Jenny's Library

Archive for November 2013

cover image for King's ShieldKing’s Shield by Sherwood Smith

After years of exile, Inda has returned home to Iasca Leror.  His fears of being treated as a traitor are unfounded and Evred, his childhood friend and now king, not only welcomes him with open arms but also with a request that Inda serve him as King’s Shield – the king’s war leader.  Inda, still adjusting to being home, as well the tragic news of his brother’s death, is torn between wanting to serve his king and country, fear that he won’t measure up to expectations, and wanting to spend time with the family he hasn’t seen in years.

There’s always so much going on these books that I’m never quite sure where to begin.  King’s Shield felt a bit slower than the previous two books, I think because so much of the time was spent waiting for the war to begin, and having Inda find out things we already knew.  That said, I loved seeing how both Inda andTau adjusted to life in Iasca Leror and the scenes with the children hiding in the mountains from the Venn were incredibly well done.

Continuing from the previous installment, here are literary gifts for preschoolers, kids just starting school, and other children not quite reading yet.  All of the books on this list should be in stock in most bookstores, so they should work for last minutes gifts.

Books That Should Be In Stock

cover image for Not A Boxinside page for Not a Box

inside page for Not a Boxcover image for Not A Stick

Not a Box, Not a Stick by Antionette Portis

In this pair of awesomely entertaining books, a bunny pretends that a box is not a box but a race car! a volcano! a robot! and that a stick is not a stick but a spear! a fishing rod! a sword!  The covers help make the books extra special; Not a Box has the look and texture of cardboard, Not a Stick the feel of wood.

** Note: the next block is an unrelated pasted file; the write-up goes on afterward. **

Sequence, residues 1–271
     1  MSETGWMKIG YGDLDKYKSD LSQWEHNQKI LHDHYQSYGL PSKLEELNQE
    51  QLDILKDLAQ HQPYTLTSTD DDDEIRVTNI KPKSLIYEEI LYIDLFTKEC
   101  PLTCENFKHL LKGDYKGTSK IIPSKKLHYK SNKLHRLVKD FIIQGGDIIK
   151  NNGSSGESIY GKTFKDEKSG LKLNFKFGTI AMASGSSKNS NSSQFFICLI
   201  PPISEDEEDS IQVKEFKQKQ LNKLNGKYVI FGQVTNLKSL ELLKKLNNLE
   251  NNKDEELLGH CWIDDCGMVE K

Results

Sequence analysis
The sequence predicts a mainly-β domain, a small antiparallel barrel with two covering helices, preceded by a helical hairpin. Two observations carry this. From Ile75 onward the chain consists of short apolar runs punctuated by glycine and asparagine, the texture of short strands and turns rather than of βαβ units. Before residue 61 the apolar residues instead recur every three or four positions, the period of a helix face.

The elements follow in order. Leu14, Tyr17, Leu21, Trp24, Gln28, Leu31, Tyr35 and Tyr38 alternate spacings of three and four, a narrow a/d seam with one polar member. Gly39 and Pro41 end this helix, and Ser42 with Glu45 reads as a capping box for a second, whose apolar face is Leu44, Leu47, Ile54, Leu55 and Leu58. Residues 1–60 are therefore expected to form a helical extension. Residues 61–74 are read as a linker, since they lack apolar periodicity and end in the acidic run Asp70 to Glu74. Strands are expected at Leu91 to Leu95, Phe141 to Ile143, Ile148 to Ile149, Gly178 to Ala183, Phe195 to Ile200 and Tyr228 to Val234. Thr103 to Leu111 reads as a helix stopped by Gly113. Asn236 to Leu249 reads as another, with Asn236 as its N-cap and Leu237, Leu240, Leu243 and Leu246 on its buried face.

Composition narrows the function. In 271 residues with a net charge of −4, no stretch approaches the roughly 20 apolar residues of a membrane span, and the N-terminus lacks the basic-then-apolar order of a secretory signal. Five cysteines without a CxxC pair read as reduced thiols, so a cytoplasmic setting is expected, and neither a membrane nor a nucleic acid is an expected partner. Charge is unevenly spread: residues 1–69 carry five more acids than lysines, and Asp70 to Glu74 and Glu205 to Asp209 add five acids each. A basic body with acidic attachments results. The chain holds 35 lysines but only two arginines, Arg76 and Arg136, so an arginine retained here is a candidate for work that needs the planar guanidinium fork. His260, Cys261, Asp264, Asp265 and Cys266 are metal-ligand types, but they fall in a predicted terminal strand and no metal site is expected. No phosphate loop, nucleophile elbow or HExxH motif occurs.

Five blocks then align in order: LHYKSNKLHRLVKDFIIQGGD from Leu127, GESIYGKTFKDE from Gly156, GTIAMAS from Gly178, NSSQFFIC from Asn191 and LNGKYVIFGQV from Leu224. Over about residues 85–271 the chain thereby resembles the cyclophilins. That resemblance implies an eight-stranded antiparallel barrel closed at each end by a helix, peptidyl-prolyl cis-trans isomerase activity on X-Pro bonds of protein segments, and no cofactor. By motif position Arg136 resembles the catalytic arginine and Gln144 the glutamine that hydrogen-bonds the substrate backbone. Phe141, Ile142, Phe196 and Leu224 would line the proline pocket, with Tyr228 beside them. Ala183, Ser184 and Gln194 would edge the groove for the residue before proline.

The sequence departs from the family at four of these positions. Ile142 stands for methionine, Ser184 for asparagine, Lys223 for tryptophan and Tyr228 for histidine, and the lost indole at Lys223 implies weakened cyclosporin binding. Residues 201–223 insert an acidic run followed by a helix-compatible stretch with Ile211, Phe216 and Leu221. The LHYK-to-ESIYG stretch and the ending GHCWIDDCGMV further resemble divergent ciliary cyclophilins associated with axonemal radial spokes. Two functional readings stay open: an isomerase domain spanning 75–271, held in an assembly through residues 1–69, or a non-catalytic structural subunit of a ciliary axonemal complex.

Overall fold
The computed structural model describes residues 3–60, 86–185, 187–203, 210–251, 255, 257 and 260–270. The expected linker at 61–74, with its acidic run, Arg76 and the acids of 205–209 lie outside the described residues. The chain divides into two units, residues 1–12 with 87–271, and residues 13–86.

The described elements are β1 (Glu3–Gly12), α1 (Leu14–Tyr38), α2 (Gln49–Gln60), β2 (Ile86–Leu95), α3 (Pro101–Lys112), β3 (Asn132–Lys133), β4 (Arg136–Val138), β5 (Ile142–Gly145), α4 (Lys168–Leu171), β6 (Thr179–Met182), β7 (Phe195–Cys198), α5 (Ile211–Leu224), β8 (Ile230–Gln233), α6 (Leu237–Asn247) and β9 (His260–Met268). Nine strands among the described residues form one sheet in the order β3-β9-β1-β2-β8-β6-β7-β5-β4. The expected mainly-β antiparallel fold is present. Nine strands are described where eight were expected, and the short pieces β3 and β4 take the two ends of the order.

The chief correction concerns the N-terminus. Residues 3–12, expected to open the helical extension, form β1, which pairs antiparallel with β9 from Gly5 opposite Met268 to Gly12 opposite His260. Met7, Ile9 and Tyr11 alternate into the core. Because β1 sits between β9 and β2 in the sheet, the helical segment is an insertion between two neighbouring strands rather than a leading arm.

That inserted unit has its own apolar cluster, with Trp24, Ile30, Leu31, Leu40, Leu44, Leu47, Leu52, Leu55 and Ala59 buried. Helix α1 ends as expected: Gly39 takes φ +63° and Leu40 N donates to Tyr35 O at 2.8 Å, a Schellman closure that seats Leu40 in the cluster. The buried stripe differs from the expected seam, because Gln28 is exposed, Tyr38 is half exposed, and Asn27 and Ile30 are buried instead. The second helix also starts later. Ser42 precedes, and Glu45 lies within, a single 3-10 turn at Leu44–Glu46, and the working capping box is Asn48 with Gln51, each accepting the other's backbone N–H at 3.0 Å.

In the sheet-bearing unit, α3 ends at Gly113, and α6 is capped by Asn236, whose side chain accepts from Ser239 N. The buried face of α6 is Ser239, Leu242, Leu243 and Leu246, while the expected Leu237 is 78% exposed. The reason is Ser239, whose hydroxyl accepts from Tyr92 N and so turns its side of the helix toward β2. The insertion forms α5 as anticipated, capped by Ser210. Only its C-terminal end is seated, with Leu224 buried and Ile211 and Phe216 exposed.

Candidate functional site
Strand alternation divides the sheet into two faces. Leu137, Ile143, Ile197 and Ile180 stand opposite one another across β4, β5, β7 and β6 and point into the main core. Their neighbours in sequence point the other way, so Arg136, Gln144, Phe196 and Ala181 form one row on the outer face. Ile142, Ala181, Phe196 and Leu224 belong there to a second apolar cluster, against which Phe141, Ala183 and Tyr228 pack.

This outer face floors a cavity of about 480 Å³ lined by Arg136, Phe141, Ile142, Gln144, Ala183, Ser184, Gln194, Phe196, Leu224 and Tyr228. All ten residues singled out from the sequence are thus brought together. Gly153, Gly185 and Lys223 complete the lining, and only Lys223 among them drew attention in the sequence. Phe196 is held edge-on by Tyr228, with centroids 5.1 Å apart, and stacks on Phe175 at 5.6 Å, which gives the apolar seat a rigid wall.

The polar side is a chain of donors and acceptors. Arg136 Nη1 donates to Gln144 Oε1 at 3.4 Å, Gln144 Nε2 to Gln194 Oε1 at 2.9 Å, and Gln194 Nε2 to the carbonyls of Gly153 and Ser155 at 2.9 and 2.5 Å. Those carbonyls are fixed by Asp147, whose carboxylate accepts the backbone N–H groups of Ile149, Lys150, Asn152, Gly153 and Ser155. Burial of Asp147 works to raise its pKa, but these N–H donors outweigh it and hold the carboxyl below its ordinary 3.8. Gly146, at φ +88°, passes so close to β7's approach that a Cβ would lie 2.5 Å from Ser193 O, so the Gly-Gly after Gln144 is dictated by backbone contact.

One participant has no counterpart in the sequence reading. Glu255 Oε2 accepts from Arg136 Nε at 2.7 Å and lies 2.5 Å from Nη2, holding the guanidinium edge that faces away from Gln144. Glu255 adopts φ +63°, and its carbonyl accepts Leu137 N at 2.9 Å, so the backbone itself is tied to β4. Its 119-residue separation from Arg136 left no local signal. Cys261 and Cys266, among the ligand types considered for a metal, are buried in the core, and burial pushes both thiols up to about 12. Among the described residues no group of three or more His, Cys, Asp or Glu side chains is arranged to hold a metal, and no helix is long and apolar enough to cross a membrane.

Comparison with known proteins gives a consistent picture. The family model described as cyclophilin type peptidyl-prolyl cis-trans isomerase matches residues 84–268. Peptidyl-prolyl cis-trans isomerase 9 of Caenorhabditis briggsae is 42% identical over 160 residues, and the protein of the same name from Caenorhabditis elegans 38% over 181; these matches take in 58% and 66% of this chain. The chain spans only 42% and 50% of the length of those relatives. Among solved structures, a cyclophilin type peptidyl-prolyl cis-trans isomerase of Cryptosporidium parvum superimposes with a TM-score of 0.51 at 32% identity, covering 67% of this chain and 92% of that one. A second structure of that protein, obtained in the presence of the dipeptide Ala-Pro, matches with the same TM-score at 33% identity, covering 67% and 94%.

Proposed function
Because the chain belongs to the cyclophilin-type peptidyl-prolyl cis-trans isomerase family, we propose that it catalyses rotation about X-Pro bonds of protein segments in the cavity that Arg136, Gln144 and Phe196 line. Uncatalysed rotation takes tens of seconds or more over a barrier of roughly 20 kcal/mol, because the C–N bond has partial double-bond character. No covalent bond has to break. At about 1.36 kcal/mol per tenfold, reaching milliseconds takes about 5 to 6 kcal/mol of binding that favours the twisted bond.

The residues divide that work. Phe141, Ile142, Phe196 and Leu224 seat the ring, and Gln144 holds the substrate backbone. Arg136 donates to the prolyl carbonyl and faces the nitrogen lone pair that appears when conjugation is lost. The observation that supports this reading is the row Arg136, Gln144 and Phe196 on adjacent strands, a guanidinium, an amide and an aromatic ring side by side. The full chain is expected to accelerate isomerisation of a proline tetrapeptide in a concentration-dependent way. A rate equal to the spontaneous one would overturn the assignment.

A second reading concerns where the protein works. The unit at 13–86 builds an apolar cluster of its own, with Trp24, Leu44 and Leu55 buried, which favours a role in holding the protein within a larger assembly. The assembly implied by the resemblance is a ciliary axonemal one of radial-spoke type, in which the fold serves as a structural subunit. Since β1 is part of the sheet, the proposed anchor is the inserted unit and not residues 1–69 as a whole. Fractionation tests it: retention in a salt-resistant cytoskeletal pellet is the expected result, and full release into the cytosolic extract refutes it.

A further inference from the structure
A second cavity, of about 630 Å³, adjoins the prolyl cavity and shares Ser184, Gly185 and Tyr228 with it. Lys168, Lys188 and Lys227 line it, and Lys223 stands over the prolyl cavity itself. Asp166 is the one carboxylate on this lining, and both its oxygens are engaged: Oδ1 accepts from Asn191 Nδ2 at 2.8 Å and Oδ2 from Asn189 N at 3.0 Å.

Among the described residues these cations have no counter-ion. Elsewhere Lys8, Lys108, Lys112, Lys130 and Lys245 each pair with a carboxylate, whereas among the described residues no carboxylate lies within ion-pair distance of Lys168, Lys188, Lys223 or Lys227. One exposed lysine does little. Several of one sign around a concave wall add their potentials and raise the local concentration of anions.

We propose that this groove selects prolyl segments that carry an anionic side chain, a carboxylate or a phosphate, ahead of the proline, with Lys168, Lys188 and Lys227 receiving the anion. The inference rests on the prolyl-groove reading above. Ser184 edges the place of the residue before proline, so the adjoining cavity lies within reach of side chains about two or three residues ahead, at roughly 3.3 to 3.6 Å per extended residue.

cover image for Don't Let the Pigeon Drive the Buscover image for DOn't Let the Pigeon Stay Up Late

The Pigeon Finds A Hot Dog!cover image for The Duckling Gets A Cookie!?image for Don't Let the Pigeon Run This App!

Don’t Let the Pigeon Drive the Bus, Don’t Let the Pigeon Stay up Late, The Pigeon Finds a Hot Dog, The Duckling Wants a Cookie?!, Don’t Let the Pigeon Run This App! by Mo Willems

When the bus driver steps out for a while, he asks readers (and listeners) to watch the bus for him – and to not let the Pigeon drive the bus! Giving little ones a chance to tell someone else “NO!” for a change, as the Pigeon tries all the typical arguments (“I’ll bet your mom would let me”) to try to convince them otherwise.  Willems illustrations are full of energy and personality, but remain still simple enough for children to imitate.

Don’t Let the Pigeon Stay up Late follows the same formula, while The Pigeon Finds a Hot Dog and The Duckling Wants a Cookie?! do not but remain quite charming.

The spin-off app is brilliant as well.  More than just an electronic version of the story, the app also allows children to fill in the blanks (Mad Libs style) and record their own version of the story, and gives them a chance to learn how to draw the pigeon, step by step, right on their tablet.

cover image for Press Hereinside page for Press Here

Press Here by Herve Tullet

This interactive story asks children to press, shake, and turn pages to make the dots multiple, move, and transform.

cover image for Blackoutinside page for Blackout